Not to be outdone by Google, Apple, Microsoft, Amazon or any of the other Silicon Valley software giants with machine learning-powered assistants, Samsung is reportedly readying machine intelligence of its own. On Sunday, Samsung announced it would include a new AI assistant with its forthcoming Galaxy S8, and that it would combine conversational language and integration with third-party services to perform tasks, dictate messages, and respond to queries on demand. And now, it appears to have a name: Bixby.
Samsung filed a trademark in South Korea for “Bixby” in October, for a “computer software for personal information management” — more specifically, “computer application software for smartphones, mobile telephones, portable computers and tablet computers … used to operate voice recognition system[s] … [and enable] hands-free use of a mobile phone through voice recognition.”
That description, albeit vague, would appear to fit intelligent assistants of the sort featured in Google’s Android operating system, Apple’s iOS, Microsoft’s Windows Phone, and Amazon’s Echo speakers.
Related: Samsung is buying the new AI assistant from the masterminds behind Siri
In October, Samsung acquired Viv, an artificial intelligence startup founded by Dag Kittlaus, Chris Brigham, Adam Cheyer, and much of the same engineering team responsible for Apple’s Siri. Viv, the details of which were never revealed publicly, was said to offer a platform which enabled third-party developers to tap into its capabilities. All the more impressive, it reportedly provided a framework for natural language-based interfaces in apps and services — i.e., voice-navigated menus and custom commands.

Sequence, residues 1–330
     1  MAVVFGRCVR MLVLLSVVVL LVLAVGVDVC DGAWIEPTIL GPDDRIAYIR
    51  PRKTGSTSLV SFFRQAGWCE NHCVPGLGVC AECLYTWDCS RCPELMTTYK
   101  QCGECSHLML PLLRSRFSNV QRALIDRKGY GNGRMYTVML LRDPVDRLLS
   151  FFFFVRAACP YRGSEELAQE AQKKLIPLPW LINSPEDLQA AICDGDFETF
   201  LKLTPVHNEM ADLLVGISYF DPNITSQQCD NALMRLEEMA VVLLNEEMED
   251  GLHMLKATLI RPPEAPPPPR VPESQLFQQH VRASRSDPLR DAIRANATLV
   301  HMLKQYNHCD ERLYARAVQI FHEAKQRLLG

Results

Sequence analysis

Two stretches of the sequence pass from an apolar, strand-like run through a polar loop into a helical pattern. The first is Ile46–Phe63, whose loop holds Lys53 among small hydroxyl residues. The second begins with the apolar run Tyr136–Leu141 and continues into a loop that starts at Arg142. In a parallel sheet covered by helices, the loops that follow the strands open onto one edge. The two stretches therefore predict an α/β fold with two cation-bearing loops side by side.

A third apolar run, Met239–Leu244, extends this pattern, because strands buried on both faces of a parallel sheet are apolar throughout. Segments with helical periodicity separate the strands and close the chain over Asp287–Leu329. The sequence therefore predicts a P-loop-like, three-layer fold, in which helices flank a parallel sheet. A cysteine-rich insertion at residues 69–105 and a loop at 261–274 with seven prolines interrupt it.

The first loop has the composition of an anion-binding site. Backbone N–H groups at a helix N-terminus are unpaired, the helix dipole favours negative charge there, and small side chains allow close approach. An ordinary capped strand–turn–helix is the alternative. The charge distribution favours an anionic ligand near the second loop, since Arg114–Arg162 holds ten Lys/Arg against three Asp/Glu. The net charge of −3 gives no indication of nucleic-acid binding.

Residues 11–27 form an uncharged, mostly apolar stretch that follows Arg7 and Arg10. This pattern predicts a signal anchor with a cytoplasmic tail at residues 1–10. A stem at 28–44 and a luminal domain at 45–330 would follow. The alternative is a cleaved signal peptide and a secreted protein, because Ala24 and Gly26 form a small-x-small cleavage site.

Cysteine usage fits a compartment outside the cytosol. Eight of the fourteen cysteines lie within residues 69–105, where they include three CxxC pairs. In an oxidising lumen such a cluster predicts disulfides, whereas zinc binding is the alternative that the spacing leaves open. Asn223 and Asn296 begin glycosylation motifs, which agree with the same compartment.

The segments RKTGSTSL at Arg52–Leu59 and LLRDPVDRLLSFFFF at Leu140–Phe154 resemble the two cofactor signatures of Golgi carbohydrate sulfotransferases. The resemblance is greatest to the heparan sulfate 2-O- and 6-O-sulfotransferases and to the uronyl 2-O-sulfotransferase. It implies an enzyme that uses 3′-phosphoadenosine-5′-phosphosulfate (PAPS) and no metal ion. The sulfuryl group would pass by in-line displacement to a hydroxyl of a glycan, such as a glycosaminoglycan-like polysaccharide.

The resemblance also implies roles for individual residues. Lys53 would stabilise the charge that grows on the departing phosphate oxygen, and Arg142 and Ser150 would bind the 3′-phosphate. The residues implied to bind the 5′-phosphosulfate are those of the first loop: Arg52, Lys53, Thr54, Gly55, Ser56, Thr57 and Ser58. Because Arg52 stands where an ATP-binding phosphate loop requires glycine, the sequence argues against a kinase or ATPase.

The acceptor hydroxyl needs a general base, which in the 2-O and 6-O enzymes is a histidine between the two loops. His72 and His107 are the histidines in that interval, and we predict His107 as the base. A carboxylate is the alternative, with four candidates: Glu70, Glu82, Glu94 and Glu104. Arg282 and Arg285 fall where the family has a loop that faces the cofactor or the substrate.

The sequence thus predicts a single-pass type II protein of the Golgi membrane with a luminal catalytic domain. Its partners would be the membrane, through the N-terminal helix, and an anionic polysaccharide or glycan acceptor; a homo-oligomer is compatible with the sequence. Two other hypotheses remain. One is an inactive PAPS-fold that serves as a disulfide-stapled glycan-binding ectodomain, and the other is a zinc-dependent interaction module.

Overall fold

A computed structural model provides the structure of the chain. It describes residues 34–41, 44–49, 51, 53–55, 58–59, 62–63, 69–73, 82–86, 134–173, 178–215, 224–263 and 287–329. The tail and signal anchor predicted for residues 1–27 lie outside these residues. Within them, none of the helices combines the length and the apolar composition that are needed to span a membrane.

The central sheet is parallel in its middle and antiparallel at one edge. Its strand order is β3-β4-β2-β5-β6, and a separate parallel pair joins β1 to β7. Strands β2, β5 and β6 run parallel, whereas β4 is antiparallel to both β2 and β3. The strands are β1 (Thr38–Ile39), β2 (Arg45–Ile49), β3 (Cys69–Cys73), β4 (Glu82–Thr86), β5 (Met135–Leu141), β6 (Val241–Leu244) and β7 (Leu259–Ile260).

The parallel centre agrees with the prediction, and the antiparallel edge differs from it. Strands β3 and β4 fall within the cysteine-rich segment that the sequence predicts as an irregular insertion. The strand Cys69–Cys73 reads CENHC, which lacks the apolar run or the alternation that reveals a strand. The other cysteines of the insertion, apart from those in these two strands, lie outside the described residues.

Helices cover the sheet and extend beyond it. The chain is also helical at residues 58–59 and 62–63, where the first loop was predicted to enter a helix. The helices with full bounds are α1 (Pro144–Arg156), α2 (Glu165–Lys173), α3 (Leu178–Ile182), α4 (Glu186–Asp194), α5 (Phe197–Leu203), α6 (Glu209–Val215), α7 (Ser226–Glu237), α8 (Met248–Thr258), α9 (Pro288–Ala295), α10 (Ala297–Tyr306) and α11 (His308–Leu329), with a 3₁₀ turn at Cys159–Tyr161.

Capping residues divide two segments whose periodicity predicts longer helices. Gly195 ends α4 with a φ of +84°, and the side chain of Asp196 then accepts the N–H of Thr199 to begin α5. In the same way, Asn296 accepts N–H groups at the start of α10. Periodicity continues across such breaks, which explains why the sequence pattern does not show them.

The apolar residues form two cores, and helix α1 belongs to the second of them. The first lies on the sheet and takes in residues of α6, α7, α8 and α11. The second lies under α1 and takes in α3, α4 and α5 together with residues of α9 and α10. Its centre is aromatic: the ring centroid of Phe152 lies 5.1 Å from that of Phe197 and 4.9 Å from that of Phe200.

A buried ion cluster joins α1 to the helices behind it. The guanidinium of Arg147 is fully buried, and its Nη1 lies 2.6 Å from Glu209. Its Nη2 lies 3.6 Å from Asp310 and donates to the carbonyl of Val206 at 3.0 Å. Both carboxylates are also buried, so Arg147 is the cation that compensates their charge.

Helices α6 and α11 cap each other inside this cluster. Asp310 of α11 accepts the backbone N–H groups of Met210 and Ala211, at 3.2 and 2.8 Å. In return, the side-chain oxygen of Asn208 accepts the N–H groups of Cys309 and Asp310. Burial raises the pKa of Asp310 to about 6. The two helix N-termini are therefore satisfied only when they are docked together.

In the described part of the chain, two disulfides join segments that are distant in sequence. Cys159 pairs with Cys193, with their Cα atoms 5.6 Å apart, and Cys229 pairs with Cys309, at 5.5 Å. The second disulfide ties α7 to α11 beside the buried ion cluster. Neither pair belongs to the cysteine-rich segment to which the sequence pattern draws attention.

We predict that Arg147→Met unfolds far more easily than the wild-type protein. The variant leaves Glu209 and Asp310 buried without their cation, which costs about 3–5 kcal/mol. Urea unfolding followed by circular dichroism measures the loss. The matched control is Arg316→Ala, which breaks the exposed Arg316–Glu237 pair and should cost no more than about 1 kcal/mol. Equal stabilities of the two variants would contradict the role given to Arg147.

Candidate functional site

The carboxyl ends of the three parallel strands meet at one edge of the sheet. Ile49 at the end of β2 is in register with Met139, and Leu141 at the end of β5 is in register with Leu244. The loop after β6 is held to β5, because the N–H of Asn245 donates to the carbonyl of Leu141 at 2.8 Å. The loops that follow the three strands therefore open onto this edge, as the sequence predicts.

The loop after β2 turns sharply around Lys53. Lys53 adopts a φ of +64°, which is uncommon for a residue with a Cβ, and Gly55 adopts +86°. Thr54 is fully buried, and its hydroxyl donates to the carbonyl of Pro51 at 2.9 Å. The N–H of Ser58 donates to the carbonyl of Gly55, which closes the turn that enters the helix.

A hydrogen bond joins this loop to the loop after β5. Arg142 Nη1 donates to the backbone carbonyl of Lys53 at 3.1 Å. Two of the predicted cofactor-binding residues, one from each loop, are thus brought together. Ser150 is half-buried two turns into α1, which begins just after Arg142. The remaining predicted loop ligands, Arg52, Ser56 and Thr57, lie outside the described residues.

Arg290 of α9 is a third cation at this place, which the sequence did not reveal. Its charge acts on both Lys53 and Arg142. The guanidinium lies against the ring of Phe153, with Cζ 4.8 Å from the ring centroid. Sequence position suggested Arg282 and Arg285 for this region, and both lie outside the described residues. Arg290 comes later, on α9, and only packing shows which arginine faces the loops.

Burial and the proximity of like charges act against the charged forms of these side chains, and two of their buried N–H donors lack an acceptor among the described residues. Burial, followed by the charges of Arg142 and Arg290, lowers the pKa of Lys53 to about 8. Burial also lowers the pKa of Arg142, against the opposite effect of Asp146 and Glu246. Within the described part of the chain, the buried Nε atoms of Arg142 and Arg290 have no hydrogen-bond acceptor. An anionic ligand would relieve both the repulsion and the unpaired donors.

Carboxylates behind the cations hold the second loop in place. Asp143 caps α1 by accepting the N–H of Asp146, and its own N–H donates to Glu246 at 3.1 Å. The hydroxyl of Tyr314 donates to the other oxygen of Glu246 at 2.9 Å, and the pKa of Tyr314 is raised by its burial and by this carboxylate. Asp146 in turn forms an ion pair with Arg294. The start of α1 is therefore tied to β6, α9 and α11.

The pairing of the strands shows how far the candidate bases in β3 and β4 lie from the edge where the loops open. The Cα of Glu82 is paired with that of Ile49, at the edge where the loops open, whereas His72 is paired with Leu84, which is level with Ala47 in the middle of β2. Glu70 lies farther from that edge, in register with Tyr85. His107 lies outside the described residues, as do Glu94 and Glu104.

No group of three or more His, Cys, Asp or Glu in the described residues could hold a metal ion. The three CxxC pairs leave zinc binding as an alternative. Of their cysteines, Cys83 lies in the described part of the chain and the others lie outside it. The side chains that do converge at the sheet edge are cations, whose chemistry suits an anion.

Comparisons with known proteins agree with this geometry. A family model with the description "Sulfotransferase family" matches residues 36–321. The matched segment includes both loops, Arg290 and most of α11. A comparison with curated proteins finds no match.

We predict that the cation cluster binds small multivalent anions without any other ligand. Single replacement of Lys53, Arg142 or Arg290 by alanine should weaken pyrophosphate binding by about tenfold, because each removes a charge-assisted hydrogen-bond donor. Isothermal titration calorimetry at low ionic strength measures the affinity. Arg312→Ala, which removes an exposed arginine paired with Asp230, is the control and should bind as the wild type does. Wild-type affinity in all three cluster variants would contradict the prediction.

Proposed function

“The deal showcases Samsung’s commitment to virtual personal assistants,” Injong Rhee, CTO of Samsung’s Mobile Communications business, said in a press release following the acquisition. “Viv was built with both consumers and developers in mind. This dual focus is also what attracted us to Viv as an ideal candidate to integrate with Samsung home appliances, wearables, and more, as the paradigm of how we interact with technology shifts to intelligent interfaces and voice control.”
Related: Samsung’s Note 7 woes hurt its bottom line, but things are looking up
An artificially intelligent assistant isn’t the Galaxy S8’s only reported highlight. Samsung’s upcoming flagship, which is expected to debut at Mobile World Congress in February, improves upon its predecessor’s hardware in significant ways. It’s rumored to ship in two variants, one with a 5.1-inch 2K (2,048 by 1,080 pixels) Super AMOLED display and another with a 5.5-inch 4K (2,096 by 2,160 pixels) screen.
Under the hood, both will reportedly pack cutting-edge silicon in the form of either Qualcomm’s Snapdragon 830 processor or Samsung’s Exynos 8895. And both are expected to pack a dual-camera system, potentially called “LightUp Camera” or “Light+ Camera,” that pairs a 16-megapixel camera sensor with a companion 8-megapixel module for the purpose of improving low-light performance.
Samsung is counting on the new device being a blockbuster hit. On Wednesday, Samsung reported revenue of $42 billion and profit $4.6 billion year-over-year declines respectively. Its mobile division was the hardest hit: revenue dipped to $87.9 million, down 96 percent year-over-year and the lowest in eight years.
Not surprisingly, the firm attributed a majority of those losses to the launch of the Galaxy Note 7, which the company later recalled as a result of well-publicized defects that caused some units to spontaneously explode. During Samsung’s last earnings call, it projected recovery for the mobile division, and specifically a profit of $1.9 billion by the end of this year.
Updated on 11-07-2016 by Lulu Chang: Added news that Samsung confirmed launch of new AI digital assistant with Galaxy S8.